Self-esteem is an assessment of worth or value based on what we believe to be true about ourselves, and what we tell ourselves based on those beliefs (internalized narratives). What we hold to be true about ourselves affects our attitude towards self. Our narrative reinforces our truth, abilities, and self-perception. A belief system of uplifting, encouraging, and compassionate messages leads to healthy self-esteem. A belief system of doubt, criticism, perfectionism and other factors linked to feelings of inadequacy leads to impaired self-esteem.
Impaired self-esteem develops when another source becomes the mirror that dictates the criteria for our self-worth and value. Consider the Wicked Queen in Snow White. The Wicked Queen often asked her magic mirror, "Who is the fairest of them all?" The mirror responded based on its perception of beauty. She did not have an internalized narrative that supported a grounded sense of self and looked for validation from an external source (the magic mirror). Seeking validation from external sources is stress-inducing and leads to comparison, jealousy, frustration, and self-destructive behavior.
Several factors influence internalized narratives. These factors include:
Familial and interpersonal relationships affect self-esteem. For example, if a family member is "assigned" the role of the scapegoat or black sheep, that person might internalize messages that compromise self-esteem. Individuals believe they need to prove or convince others of their worth. They are also more likely to experience people-pleasing behavior, difficulty setting boundaries, and self-blame.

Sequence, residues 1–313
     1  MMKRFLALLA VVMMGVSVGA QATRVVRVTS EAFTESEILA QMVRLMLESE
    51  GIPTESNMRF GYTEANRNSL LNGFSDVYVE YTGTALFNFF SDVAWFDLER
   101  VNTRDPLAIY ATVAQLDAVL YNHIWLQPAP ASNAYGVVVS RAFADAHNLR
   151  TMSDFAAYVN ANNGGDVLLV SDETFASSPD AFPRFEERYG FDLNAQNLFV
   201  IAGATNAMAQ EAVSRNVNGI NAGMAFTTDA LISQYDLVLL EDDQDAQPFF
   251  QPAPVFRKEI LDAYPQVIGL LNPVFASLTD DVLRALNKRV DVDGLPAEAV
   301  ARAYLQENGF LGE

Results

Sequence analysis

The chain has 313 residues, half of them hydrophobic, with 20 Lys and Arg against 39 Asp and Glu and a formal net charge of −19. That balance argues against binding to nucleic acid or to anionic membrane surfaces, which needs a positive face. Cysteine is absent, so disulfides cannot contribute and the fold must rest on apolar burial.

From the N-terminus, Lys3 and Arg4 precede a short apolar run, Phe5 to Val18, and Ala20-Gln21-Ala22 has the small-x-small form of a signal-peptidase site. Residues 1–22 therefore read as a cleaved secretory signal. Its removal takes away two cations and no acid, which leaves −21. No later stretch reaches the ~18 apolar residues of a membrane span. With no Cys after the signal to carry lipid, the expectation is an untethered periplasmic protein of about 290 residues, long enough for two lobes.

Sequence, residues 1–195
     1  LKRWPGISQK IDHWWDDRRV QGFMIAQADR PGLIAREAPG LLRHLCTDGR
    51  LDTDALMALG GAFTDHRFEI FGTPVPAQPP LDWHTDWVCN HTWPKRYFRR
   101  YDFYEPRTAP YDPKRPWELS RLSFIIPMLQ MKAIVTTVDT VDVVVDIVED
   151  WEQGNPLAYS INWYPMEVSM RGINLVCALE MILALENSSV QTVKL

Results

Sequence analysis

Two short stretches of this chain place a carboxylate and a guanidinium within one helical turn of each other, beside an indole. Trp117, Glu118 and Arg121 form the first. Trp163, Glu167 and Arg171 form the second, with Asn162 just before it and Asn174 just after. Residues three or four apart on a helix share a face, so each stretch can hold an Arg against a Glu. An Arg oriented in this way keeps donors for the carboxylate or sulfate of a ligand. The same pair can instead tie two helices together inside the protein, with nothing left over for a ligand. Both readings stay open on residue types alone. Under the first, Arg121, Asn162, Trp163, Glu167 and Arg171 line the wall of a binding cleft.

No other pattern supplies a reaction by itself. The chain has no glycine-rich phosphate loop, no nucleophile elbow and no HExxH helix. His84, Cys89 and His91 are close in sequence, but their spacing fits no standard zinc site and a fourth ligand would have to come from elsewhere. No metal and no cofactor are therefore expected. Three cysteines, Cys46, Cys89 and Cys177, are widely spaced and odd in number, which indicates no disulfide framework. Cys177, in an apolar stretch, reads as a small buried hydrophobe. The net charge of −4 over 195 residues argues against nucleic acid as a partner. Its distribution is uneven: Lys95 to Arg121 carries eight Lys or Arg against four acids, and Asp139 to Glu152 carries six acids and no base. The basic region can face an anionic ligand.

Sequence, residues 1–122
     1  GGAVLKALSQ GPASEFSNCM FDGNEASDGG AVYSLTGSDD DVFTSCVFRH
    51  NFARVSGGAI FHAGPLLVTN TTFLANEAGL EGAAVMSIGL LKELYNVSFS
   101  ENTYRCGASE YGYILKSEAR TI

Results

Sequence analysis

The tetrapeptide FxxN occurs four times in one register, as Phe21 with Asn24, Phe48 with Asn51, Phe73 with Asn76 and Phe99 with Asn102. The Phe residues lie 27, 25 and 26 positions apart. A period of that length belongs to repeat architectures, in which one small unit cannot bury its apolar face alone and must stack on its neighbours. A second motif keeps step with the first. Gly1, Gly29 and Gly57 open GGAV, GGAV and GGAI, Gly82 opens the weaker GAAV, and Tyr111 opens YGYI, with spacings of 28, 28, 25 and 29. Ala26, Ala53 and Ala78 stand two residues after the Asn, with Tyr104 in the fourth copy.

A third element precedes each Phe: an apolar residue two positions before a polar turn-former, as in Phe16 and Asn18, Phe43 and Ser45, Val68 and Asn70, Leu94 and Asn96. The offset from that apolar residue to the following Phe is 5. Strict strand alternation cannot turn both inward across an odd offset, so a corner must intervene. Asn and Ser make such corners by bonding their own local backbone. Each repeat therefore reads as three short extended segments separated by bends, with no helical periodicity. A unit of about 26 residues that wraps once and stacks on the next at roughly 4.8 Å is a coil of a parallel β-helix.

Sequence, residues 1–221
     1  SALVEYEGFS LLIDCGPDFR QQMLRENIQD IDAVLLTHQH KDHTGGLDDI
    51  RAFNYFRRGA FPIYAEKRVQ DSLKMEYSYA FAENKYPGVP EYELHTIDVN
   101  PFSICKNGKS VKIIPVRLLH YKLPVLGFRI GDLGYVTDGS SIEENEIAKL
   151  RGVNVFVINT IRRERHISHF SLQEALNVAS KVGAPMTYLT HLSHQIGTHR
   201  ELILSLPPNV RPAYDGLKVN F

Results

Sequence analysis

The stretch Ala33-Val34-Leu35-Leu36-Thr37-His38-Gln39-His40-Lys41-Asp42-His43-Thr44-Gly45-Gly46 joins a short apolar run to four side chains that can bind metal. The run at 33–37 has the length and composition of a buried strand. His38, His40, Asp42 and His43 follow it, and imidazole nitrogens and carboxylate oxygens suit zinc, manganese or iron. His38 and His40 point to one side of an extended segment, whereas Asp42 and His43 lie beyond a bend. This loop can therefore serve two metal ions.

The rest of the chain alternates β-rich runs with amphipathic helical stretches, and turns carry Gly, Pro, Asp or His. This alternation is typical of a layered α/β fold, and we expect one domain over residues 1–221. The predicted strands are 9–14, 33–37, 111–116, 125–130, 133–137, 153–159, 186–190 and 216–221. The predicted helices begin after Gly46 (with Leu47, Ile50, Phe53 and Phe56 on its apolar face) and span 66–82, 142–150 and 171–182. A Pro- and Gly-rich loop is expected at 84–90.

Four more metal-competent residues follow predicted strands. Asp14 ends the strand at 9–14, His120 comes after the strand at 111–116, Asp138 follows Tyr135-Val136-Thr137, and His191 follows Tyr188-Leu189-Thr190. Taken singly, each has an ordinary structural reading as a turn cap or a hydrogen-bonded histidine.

Adverse Childhood Experiences and Trauma
Adverse Childhood Experiences (ACEs) refer to traumatic events experienced before age 18. These experiences include: witnessing a traumatic event (vicarious trauma), living in a dysfunctional household, or experiencing physical, emotional, and sexual abuse. Early childhood trauma affects brain development, nervous system regulation, and the ability to attend to emotions. Researchers also report a connection between ACEs and post-traumatic stress.
Social media creates the perfect environment for comparison. The highlight reels of other users become the standard by which we evaluate our accomplishments, experiences, position in life, and self-worth. Comparison contributes to feelings of inadequacy, and thoughts of not measuring up to someone else's standards or expectations.
Structures that perpetuate inequalities and inequities affect self-esteem by dehumanizing and reinforcing negative messaging. Oppressed groups often have to navigate white supremacy, systemic racism, stereotypes, microaggressions, and racial profiling. Such systems place unrealistic pressure on oppressed groups and create societal hierarchies based on race, gender, sexuality, religion, and abilities.
Healthy self-esteem can be developed by:
Internalizing a different message
Be sure the image in the mirror is that of self and not an external force. We can become grounded in self by internalizing a different message that better serves us. Internalizing a new message allows us to develop new perspectives about our ability to achieve goals and execute the life we imagine.
Being curious about the foundation of our belief system and challenging faulty messaging helps to build confidence. Confronting self allows us to develop our own story about who we are, what we like and don't like, being comfortable with our limitations and accomplishments, and not being defined by someone else's story.
Speaking with a therapist
Speaking with a therapist allows us to unpack trauma, address protective behavior and coping mechanisms that no longer serve us, learn how to set boundaries, and learn how to navigate challenging family dynamics.
Although factors affecting self-esteem seem challenging to change, it is possible to internalize a new message and develop a new attitude towards self. Know that no one is born with impaired self-esteem, and thoughts and behaviors that accompany and contribute to impaired self-esteem can be modified.